Passport to Crime

Pedro Antão’s Glasses

by Machado de Assis


Translated from the Brazilian Portuguese by Clifford E. Landers

*   *   *

Close to three years ago I received the following letter from my friend José Mendonça:

“Pedro. Today I received the keys to my uncle’s house; I’m going to inspect it. Would you care to go with me? Don’t think it’s because I’m afraid to enter alone; it’s because I know of your interest in penetrating mysterious matters. And nothing is more mysterious than the house of my famous uncle. Come at noon. Yours, Mendonça.”

My reply: “José. “I’ll go, but not at noon. Entering a mysterious house when the sun is at its height is an anachronism. I’ll be there at eleven tonight, and at midnight on the dot we will enter the home of the deceased. Yours, Pedro.”

Close to eleven o’clock, after having told my family that I was off to see a gravely ill patient because I’m a doctor and often see patients at night, I set out for Mendonça’s house on Rua do Areal.

Mendonça was having dinner. I ate with him a bit of ham and cold stew, drank two glasses of Madeira as well as a cup of tasty tea, and at twenty before midnight we left for Pedro Antão’s house.

Pedro Antão had died ten months earlier; his will was found, in which he left the house, his books, and other objects to his nephew Mendonça—with the condition that he would not take possession of the house until ten months later. At the time, Mendonça was on the Boulevard of the Italians in Paris, the only part of Paris he knew and still knows intimately, when he received the news. He chuckled about his uncle’s oddities, but came to Rio de Janeiro expressly to claim the house. He observed to the letter the conditions of ownership, and on the morning of March 23 officially received the keys he awaited so anxiously.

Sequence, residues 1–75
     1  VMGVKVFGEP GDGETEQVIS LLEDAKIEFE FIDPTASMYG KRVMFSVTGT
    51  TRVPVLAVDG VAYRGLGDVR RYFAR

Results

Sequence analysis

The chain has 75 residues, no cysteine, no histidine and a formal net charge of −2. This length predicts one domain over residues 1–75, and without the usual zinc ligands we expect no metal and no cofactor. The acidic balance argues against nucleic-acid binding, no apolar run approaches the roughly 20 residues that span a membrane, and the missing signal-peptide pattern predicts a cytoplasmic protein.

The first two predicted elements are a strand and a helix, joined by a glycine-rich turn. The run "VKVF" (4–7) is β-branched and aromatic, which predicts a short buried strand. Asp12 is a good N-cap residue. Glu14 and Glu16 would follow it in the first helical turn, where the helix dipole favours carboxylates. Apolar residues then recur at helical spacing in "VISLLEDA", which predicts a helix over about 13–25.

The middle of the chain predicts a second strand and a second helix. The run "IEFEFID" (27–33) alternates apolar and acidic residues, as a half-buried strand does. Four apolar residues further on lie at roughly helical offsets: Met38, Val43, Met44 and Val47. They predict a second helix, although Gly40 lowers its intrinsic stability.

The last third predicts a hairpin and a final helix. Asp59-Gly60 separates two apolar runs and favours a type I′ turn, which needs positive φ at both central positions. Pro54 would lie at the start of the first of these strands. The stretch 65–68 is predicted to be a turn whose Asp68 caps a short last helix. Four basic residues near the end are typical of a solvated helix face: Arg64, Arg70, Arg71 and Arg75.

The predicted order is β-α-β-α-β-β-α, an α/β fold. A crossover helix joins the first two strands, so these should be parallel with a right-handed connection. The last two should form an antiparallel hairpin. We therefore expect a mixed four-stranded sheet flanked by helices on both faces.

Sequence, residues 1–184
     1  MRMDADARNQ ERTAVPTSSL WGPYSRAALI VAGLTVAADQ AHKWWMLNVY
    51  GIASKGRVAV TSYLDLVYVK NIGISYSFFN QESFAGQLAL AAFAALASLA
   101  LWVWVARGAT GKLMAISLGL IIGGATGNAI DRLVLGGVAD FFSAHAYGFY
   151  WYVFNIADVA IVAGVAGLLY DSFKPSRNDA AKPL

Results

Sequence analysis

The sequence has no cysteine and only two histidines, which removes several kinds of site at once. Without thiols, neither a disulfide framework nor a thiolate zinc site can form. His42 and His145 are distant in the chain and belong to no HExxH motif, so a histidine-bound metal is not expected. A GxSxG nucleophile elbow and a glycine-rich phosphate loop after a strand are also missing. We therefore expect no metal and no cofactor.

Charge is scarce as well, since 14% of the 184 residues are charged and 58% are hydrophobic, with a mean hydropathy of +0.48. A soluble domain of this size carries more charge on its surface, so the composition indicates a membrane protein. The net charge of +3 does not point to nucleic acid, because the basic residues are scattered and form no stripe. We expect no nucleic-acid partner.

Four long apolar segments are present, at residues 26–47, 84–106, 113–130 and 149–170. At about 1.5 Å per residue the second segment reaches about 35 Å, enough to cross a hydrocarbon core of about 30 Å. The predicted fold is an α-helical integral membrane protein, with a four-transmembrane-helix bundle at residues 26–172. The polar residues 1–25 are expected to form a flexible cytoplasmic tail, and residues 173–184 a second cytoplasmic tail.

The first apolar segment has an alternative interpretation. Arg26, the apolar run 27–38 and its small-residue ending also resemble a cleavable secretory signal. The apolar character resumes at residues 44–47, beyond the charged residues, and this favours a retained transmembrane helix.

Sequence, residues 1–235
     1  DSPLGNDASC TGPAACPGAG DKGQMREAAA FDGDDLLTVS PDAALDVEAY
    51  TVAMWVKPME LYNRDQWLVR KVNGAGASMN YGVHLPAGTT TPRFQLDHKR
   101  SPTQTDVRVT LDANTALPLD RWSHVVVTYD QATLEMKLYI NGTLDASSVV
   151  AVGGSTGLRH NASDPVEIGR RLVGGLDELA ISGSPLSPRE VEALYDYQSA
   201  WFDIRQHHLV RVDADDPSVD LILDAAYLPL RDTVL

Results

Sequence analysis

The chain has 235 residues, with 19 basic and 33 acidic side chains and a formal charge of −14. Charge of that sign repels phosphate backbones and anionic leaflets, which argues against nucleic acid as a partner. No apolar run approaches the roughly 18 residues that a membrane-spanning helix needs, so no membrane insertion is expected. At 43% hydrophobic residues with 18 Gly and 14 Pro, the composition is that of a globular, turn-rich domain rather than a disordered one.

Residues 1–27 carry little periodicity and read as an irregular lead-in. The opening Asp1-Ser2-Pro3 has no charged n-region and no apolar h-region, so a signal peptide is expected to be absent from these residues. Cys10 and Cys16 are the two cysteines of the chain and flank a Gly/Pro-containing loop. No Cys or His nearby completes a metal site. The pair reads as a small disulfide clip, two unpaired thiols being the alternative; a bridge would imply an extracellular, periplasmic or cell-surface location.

The key and the lock resisted Mendonça’s and my efforts to open the door. Luckily, there had come with us a husky servant of his, a fellow who boasted of never having seen a door or a woman who could resist him. He attacked the door with uncommon force; it groaned, and within a few minutes we were in the hallway. We dismissed the servant after some objection from Mendonça, who felt it necessary to have someone with us. The servant left, and I closed the door. We then lit one of the candles we had brought and ascended an old and damp staircase that led to the upper floor.